Abstract 2287: Clinical/Neurohormonal Correlates and Prognostic Value of Kansas City Cardiomyopathy Questionnaire in Patients With Chronic Heart Failure
Background: Chronic heart failure (CHF) is characterized by limited exercise activity and increased morbidity and mortality. Although quality of life and physical activity assessed by Kansas City Cardiomyopathy Questionnaire (KCCQ functional and overall) have been used for the clinical evaluation of CHF patients, the relationship of this questionairre with CHF neurohormonal activation as well as its prognostic value remain uknown.
Methods: Seventy five consecutive stable CHF patients (aged 65 ± 13 yrs, mean NYHA class:2.9 ± 0.6, left ventricular ejection fraction <40%) were evaluated by the above questionnaire, Zung Self-rating Depression Scale (SDS), Beck Depression Inventory (BDI) scale, Duke Activity Status Index (DASI), plasma BNP and 6-min walking test. Patients were monitored for a 10-month follow-up period for disease progression defined as death and/or hospitalization.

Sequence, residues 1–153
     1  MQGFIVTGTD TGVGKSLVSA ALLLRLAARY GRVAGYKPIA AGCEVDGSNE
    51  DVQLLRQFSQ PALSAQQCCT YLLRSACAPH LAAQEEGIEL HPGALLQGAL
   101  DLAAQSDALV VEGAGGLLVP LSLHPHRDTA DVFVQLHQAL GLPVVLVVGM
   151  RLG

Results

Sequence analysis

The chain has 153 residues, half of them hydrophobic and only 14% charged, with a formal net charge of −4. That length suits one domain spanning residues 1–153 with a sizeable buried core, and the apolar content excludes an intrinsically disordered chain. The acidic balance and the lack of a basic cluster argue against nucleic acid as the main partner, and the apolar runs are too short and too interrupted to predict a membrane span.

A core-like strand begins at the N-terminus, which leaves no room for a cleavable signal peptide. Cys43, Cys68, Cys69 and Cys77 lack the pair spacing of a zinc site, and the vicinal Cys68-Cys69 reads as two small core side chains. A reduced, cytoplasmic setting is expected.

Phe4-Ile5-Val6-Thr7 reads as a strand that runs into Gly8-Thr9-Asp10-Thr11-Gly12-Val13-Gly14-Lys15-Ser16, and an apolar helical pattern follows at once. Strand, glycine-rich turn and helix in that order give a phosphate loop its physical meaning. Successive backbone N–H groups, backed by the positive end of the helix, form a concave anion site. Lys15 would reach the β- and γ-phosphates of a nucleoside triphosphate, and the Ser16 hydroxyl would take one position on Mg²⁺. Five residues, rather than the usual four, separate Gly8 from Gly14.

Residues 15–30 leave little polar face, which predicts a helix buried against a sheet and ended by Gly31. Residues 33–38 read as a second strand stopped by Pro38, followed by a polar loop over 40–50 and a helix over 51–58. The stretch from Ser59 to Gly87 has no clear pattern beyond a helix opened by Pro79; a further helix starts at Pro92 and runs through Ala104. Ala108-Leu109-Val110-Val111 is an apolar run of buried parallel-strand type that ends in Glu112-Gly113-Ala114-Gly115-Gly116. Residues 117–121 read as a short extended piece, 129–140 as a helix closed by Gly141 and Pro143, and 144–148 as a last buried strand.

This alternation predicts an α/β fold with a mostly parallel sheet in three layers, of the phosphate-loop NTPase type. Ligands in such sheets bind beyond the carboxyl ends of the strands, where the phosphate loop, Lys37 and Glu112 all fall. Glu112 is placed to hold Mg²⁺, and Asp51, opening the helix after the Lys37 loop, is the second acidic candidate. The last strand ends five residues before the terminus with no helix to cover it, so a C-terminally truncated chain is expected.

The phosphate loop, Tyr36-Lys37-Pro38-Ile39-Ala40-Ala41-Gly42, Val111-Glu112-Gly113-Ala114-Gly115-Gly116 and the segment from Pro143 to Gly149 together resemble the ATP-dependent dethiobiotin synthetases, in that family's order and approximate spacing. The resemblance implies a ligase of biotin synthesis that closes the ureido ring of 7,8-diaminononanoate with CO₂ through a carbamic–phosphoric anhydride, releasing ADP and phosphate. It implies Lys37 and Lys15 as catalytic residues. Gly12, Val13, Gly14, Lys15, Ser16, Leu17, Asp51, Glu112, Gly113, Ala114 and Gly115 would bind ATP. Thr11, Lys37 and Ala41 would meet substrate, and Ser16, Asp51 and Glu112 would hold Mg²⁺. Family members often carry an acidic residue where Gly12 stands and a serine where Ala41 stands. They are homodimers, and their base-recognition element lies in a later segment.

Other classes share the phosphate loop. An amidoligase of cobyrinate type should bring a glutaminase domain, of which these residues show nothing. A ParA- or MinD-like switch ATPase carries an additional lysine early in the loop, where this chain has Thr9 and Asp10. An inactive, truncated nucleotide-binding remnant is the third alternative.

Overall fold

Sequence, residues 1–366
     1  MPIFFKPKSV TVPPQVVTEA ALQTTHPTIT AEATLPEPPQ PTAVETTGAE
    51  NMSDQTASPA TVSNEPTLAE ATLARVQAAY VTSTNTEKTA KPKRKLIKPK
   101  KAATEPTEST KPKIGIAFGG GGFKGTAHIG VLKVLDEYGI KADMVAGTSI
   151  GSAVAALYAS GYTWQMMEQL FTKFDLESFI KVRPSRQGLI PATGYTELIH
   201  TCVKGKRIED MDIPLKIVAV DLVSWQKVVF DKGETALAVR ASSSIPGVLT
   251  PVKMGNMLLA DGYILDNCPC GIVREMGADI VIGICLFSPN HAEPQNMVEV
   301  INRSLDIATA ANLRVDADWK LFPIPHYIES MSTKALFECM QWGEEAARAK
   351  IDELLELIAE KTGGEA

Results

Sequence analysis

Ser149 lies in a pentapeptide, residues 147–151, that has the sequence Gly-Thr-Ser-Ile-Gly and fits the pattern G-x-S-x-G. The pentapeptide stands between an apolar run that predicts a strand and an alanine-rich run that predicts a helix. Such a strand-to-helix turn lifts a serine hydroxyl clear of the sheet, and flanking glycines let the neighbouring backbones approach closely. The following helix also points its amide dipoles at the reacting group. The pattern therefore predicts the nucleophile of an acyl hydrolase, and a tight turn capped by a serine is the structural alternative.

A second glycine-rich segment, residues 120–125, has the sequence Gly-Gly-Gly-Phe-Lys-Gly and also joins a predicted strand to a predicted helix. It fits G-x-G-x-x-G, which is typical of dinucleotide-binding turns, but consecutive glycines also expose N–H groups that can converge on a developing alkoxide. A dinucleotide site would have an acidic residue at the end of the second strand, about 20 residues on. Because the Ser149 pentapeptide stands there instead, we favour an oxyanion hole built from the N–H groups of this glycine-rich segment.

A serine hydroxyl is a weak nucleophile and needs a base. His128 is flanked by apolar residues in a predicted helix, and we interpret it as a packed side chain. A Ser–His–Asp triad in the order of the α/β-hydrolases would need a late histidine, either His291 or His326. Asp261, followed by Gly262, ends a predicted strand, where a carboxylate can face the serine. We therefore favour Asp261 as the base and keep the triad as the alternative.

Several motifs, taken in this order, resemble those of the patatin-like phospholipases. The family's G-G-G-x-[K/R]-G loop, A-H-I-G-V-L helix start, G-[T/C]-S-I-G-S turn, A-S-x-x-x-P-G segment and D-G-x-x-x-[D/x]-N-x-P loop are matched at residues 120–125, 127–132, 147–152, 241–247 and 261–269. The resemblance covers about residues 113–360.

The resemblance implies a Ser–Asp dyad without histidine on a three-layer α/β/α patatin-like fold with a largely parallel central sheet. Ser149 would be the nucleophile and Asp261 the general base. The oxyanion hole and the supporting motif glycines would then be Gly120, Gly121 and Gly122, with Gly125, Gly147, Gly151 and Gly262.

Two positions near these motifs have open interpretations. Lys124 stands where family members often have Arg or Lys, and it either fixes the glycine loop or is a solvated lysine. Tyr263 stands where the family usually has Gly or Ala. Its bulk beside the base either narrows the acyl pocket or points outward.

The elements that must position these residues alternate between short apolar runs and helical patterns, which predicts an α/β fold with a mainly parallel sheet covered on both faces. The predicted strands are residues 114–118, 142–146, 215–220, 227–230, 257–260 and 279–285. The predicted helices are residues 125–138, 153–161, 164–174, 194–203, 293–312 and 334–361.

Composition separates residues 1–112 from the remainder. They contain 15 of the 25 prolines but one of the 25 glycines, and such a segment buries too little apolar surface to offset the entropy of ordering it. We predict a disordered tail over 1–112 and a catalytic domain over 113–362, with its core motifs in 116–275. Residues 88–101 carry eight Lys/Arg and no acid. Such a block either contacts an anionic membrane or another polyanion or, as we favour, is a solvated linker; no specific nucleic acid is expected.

Results: The mean KCCQ functional and overall scores were 47.3±19.4% and 35.6±19.0%, respectively. Patients (n=20) with KCCQ overall score <50% had significantly higher Zung SDS (45±9 vs 36±10, p<0.01), BDI (19±9 vs 6±3, p<0.01), and plasma BNP (1078±900 vs 492±301 pg/ml, p<0.05) as well as lower DASI (15±10 vs 28±13, p<0.01) and 6-min walking distance (253±123 vs 357±108 m, p<0.05) as compared to those with score >50% (n=55). KCCQ overall score was significantly corellated with plasma BNP levels (r=−0.42, p<0.01), 6-min walking distance (r=0.47, p<0.01) and BDI (r=−0.61, p<0.001). Finally, patients with KCCQ overall score >50% had longer event-free survival than those with score >50% (205±20 vs 135±16 days, log-rank p=0.0399).
Conclusion: KCCQ is a valuable tool for the evaluation of severity of clinical and emotional symptoms of CHF patients, reflecting also increased neurohormonal activation and having important prognostic value in CHF.